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Why You Need to Know Your Legacy Plans Before you Retire

Mark Zaifman   |    Wed, Jan 31, 2018 @ 11:41 AM


The dictionary would define 'legacy' as:

a gift or a bequest that is handed down, endowed or conveyed from one person to another. It is something descendible one comes into possession of that is transmitted, inherited or received from a predecessor.

A financial planner would define legacy simply as:

"the amount of inheritance you plan to leave to your heirs and or charities/organizations upon your passing.

When developing a comprehensive retirement plan, this is one of the primary questions I must ask clients. Of course, if you’re like most people, thinking about your passing is already anxiety provoking enough. Having to imagine how much to leave at the end of your life, even more stressful.

The way to reduce if not eliminate the stress around this decision is to gather solid and objective information about your future net worth. And here’s how that works.

Most, if not all fee-only financial planners that develop comprehensive retirement plans for their clients, will have you fill out a fairly in-depth questionnaire. This is where you catalog and detail all your current income and expenses, assets and liabilities, your goals and dreams, and for the soon to be retired, your overall plans for the next, and many say, best phase of your life.

At our firm, your financial data is analyzed, checked for accuracy, and then transferred to industrial strength financial planning software. We happen to use Naviplan financial planning software, the gold standard in the financial planning industry. We chose this particular software for its powerful what-if scenario modeling.

And the ability to model different what-if  scenarios will be extremely beneficial when determining your legacy. Why is that? Click on this link and you’ll see a sample net worth outlook report.

This report illustrates a client’s net worth projection with these assumptions:

-moderate conservative allocation of 40% stock market and 60% bond market

-life expectancy of age 95 for both

-4.5% average annual investment return

-3% average annual appreciation of real estate and lifestyle assets

-annual fixed spending of $72,000 and annual discretionary spending of $32,000 increasing 3% annually for inflation

-annual medical and out of pocket expenses of $12,000 increasing 5% annually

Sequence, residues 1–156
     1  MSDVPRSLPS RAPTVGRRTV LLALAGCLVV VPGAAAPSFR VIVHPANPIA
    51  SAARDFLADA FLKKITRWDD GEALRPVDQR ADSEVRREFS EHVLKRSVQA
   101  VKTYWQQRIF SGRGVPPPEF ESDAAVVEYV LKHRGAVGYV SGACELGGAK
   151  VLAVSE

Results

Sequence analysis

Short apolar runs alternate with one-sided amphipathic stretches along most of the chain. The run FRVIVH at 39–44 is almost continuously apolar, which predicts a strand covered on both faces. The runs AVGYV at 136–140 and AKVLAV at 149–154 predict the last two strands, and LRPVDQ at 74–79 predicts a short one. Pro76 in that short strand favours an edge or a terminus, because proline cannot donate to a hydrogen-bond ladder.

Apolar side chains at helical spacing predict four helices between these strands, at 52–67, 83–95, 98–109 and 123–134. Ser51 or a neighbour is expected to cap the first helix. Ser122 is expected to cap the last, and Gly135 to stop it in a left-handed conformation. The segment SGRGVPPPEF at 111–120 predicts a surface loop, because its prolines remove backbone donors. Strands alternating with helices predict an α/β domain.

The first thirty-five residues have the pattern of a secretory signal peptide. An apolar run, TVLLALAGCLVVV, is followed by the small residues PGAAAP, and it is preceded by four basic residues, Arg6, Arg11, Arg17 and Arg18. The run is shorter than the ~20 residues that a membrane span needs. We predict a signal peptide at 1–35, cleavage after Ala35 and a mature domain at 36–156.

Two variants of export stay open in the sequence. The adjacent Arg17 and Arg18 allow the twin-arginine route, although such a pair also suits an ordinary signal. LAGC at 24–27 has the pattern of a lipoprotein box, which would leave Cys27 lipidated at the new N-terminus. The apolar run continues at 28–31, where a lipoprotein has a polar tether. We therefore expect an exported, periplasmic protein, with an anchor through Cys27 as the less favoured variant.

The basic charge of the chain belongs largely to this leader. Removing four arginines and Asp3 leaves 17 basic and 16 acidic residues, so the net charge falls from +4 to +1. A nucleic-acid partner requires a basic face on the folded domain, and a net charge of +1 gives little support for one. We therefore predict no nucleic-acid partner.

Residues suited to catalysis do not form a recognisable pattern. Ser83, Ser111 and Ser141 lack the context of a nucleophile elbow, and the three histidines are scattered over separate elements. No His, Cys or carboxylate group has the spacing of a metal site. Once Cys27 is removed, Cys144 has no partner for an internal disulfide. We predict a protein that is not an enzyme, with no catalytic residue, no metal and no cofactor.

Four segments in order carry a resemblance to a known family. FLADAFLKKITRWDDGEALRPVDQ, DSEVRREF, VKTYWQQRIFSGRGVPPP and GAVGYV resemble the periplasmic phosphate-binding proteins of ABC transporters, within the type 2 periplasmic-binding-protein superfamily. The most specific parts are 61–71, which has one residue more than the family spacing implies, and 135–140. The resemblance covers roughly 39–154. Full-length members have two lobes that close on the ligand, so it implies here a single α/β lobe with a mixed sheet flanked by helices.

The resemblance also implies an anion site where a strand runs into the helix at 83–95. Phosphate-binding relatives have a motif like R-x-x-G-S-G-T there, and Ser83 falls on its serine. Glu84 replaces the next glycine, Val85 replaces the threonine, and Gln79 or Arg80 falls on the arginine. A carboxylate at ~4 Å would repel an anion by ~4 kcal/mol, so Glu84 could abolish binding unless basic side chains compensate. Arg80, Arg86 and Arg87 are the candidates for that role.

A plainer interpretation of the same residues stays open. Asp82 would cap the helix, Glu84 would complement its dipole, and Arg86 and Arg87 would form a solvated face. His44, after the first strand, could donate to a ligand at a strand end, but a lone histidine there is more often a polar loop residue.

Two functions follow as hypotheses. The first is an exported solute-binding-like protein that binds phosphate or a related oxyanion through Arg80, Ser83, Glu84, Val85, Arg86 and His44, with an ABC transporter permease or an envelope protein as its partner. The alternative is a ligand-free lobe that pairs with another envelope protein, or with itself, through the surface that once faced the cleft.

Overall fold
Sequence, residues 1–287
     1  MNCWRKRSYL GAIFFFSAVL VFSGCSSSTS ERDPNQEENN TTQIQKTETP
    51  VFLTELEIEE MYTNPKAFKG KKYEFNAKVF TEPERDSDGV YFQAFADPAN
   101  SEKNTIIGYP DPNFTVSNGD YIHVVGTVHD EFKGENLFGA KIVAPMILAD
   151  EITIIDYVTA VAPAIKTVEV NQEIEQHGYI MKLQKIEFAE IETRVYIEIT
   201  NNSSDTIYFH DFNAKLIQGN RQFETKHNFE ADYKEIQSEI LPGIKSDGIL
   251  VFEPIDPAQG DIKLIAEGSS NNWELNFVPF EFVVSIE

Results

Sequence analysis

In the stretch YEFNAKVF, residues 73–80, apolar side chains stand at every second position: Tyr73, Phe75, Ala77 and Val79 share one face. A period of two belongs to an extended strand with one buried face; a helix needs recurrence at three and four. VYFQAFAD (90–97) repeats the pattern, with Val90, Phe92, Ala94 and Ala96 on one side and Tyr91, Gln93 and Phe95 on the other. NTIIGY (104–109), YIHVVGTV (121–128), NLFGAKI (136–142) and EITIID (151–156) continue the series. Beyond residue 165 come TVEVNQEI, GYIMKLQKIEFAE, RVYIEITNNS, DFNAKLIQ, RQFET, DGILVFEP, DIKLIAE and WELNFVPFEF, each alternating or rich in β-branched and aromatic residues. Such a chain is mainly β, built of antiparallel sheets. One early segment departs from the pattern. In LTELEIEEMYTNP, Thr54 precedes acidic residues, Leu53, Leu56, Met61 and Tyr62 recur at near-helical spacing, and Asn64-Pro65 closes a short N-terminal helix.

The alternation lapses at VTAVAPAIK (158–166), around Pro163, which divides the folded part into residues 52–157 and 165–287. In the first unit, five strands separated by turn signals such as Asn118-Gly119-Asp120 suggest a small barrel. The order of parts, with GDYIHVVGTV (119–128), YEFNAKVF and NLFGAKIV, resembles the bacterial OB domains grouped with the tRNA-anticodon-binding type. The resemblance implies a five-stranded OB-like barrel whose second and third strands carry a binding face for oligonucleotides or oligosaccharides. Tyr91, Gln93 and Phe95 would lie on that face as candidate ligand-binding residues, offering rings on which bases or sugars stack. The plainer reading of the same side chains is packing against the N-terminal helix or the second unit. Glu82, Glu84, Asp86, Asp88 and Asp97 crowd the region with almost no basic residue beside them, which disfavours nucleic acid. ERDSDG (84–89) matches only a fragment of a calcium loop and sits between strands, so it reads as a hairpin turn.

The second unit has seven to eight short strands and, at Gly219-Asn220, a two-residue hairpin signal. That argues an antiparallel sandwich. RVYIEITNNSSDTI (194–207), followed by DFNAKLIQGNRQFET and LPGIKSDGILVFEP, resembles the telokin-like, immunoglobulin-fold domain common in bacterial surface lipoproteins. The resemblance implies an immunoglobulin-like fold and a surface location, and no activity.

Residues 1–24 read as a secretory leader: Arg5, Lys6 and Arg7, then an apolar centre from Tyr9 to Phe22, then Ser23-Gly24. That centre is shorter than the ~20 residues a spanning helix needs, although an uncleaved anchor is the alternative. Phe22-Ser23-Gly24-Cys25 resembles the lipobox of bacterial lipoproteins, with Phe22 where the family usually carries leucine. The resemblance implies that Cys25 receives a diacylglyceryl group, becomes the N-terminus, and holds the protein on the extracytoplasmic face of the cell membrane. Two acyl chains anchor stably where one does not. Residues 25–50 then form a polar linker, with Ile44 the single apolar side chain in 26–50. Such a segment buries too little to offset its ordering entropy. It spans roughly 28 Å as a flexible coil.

-adventure/travel trips-$8,000 annually 2018-2027

-fun money/slush fund of $10,000 each annually 2018-2027

-annual discretionary spending is lowered by 50% in year 2039

The reason I share these assumptions are to highlight what happened recently with clients of mine.  This couple, knowing their son was going to be fine down the road financially, with or without receiving an inheritance, needed to know what their options looked like based on various spending models. In other words, how much would their son receive for an inheritance if they spend X, Y or Z per year? They also provided me a bottom-line number of the minimum they wanted to leave him - that number was $1 million in today’s dollars.

Now look again at the net worth outlook report and you’ll see in terminal year 2048, the projected value of their estate is a little over $1.5 million. Every year, as we monitor progress and compare actual numbers to projected numbers, we have the opportunity to change the plans assumptions and or course correct if needed.

Get Smart

Being strategic with your legacy plan creates peace of mind for you and your heirs. It also helps you plan your life. Instead of guessing or wondering what will be left for your heirs at the end of your life, you're bringing awareness, consciousness and intention to your estate plan.

Having your financial house in order is a key pillar to your financial security, especially when you retire. Planning your legacy with intention builds on that foundation and only makes it stronger.

Once this couple (and this is actually their report and the assumptions of their plan) determined the amount they wanted to leave their son upon passing, they felt liberated to imagine and dream about the life they could easily visualize.

And because travel is something this couple loves, we added, on top of their annual fixed and discretionary spending, an adventure/travel annual expense of $8k that ends in 2027. I reran the numbers, and we still had money to play with. So we added at first a $5k/each, fun money/slush fund annual expense that runs until 2027. Still, we had money to play with, so we raised the slush fund to $10k, and voila!

Although their legacy goal was $1 million, they’re happy with the final amount. And most importantly, they’re happy with the life plan we co-created together.